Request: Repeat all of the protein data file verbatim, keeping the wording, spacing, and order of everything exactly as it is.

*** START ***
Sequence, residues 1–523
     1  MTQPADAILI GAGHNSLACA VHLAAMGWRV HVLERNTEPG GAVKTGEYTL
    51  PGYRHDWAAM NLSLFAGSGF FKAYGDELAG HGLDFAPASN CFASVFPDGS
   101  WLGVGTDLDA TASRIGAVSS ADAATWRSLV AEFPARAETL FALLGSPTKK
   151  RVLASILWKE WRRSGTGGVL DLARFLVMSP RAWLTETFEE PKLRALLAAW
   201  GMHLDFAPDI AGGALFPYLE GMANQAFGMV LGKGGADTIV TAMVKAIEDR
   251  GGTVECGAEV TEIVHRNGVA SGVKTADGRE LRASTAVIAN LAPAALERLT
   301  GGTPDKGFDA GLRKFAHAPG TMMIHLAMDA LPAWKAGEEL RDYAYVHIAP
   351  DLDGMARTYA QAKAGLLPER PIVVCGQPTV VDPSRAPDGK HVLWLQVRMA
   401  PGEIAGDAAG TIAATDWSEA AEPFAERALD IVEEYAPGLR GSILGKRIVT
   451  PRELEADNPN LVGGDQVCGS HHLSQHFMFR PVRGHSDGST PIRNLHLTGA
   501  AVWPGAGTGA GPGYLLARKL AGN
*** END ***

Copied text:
Sequence, residues 1–523
     1  MTQPADAILI GAGHNSLACA VHLAAMGWRV HVLERNTEPG GAVKTGEYTL
    51  PGYRHDWAAM NLSLFAGSGF FKAYGDELAG HGLDFAPASN CFASVFPDGS
   101  WLGVGTDLDA TASRIGAVSS ADAATWRSLV AEFPARAETL FALLGSPTKK
   151  RVLASILWKE WRRSGTGGVL DLARFLVMSP RAWLTETFEE PKLRALLAAW
   201  GMHLDFAPDI AGGALFPYLE GMANQAFGMV LGKGGADTIV TAMVKAIEDR
   251  GGTVECGAEV TEIVHRNGVA SGVKTADGRE LRASTAVIAN LAPAALERLT
   301  GGTPDKGFDA GLRKFAHAPG TMMIHLAMDA LPAWKAGEEL RDYAYVHIAP
   351  DLDGMARTYA QAKAGLLPER PIVVCGQPTV VDPSRAPDGK HVLWLQVRMA
   401  PGEIAGDAAG TIAATDWSEA AEPFAERALD IVEEYAPGLR GSILGKRIVT
   451  PRELEADNPN LVGGDQVCGS HHLSQHFMFR PVRGHSDGST PIRNLHLTGA
   501  AVWPGAGTGA GPGYLLARKL AGN